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A Missing Heart(4)

By´╝ÜShari J. Ryan

Cammy stares at me with a hard gaze, like she’s trying to turn herself into stone, but she’s failing miserably. She must have expected this reaction from me. It’s why she waited so long to break the news.

After far too long of watching her stare back at me, I notice a red tinge fill her cheeks. Her hand reaches for her stomach, and she leans back against the driver’s door of her car.

Everything feels like it’s happening in slow motion when her eyes close, then clench, her jaw clamps shut and her body folds in half as much as it can, being nine-months pregnant. A groan rumbles through her throat and at the same moment, the redness that had just colored every inch of her fair skin has completely disappeared, leaving her pale and ghostly. I freeze for a minute, in shock, as I begin to suspect what is happening.

“Are you okay?” I finally ask, after taking way too long.

She reaches over and grips my shoulder with her hand, piercing her pink-painted nails into the skin of my forearm. “Take me to the hospital.”

Those five words propel my mind into overdrive, and I try to remember everything I’ve Googled about this. I thought it would be a gradual thing, like slow, over the course of several hours. She’s calm for the moment but I can see nervousness and fear in her eyes. I slip my arm under hers and help her over to my beat-up truck.

My mind empties out as I fly through the familiar streets until we arrive at the hospital. Cammy has kept silent most of the way, other than the three times I heard more groans. Parking the truck in the two-hour parking zone, I race around to her side and help her out. “I have to call my parents,” she utters.

“I can do this with you, Cam,” I tell her, trying to remain calm, trying to convince her I can actually do this with her.

“You shouldn’t be here. I don’t want my parents to know…my dad will kill you, AJ. Please believe me. I’m not doing this to hurt you. Can’t you see this is destroying me?”

“You don’t want your parents to know what? That you’ve been dating a middle-class seventeen-year-old? Am I not good enough for you? What the hell is it? We love each other. What else matters?” I got their seventeen-year-old daughter pregnant…she’s trying to protect me, but I need to protect my daughter now.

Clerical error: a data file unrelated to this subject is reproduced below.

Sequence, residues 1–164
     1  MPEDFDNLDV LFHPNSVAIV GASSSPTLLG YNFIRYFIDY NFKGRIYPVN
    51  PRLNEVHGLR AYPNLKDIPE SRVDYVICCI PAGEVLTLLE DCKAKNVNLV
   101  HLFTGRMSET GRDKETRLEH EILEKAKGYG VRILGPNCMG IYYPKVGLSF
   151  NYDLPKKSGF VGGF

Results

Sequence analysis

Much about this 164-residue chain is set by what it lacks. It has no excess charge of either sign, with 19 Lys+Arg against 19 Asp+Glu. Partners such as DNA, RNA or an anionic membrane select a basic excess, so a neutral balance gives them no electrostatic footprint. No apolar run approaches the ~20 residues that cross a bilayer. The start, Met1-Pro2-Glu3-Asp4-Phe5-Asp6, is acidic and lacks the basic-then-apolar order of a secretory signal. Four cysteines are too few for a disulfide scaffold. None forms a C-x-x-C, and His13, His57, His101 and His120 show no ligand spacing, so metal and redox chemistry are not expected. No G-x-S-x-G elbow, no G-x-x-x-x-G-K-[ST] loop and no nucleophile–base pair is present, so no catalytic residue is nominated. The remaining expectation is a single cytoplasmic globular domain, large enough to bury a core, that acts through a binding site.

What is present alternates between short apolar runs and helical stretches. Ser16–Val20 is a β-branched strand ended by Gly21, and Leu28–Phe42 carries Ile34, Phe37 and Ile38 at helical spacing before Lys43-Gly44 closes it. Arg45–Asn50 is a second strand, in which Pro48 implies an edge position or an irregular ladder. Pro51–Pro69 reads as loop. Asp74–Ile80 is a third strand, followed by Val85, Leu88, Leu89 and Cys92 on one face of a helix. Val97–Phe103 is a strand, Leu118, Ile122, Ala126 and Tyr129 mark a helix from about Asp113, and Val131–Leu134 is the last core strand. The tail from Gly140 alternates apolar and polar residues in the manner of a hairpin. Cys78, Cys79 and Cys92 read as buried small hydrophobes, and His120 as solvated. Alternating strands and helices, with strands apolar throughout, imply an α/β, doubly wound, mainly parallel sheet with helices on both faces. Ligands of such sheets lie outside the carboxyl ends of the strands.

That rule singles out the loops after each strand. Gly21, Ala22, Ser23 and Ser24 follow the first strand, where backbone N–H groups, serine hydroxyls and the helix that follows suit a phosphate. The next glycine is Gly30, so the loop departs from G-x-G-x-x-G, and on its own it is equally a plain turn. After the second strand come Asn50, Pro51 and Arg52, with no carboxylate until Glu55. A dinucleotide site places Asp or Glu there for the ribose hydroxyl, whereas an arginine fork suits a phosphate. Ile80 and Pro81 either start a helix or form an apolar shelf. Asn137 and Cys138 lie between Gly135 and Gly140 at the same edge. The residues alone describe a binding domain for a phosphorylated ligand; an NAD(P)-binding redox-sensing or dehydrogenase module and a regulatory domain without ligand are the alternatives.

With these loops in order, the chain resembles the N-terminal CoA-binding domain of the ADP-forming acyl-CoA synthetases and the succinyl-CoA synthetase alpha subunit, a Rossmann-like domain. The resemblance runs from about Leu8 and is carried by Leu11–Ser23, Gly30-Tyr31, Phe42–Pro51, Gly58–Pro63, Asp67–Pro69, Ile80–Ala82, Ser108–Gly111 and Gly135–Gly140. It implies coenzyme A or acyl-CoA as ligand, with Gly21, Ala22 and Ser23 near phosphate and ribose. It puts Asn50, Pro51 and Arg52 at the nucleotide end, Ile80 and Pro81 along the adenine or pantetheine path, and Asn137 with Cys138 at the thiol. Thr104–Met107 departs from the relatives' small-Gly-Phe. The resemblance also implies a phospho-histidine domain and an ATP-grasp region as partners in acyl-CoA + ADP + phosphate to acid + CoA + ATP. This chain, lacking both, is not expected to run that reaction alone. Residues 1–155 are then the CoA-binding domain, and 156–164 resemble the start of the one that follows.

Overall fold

“That’s not it,” she cries.

“Then what, Cammy?” I’m walking with her through the parking lot, my arm holding up as much of her weight as possible while we step inside of the hospital.

“My dad said when he found out who did this to me, he’d make him wish he was never born.” Hearing this doesn’t come as a surprise. He’s the chief of police for our town and I believe he’d destroy me in any way possible. It was the first thought I had when she told me she was pregnant. Yet, I’ve stuck with her, offering to be here, be the father to this child and do the right thing. The only saving grace I could think of was that he wouldn’t want his grandchild growing up without a dad. Although now that I’m not going to have a chance at being a dad, it gives him no excuse not to ruin my life. Still, I won’t be bullied away from this—from her and our daughter.

“I don’t care,” I tell her.

She stops in the empty hallway and grips her hands around my shoulders, staring her doe-like gaze up at me. “I care. I don’t want to ruin your life. I love you, regardless of what’s being forced on us right now. This isn’t what I want, and I hope you’ll realize it someday.” Right at this moment, I would give anything to know what my legal rights are, but I’ve run out of time, and I’m more or less stranded in the middle of a dark woods, alone with no light and no direction.

“You can’t do this,” I beg again, even though I know now this isn’t her decision. Blame is just pouring out and I can’t control it. I just have to fight this. I will fight until I win.

Cammy has been in labor for hours now, and I’ve managed to convince her not to call her parents. In a normal situation, I know it would be wrong to beg her not to call them, but if they arrive, I will have to go. I can tell that much from the conversations we’ve had over the past few hours. If I could only convince her to change her mind about giving our child away, we’d be okay. She isn’t budging on this, though.

A nurse just walked in to ask Cammy some questions and now she’s asking if I’m the father. As I open my mouth to respond, Cammy interjects with a firm, “No. I don’t know who the father is.” I’ve suddenly become Cammy’s good and loyal friend who wants to be here in her time of need. I want to call her out and make a scene but I’ll be kicked out, so I bite my tongue harder than I’ve ever had to bite it, and I swallow my pride.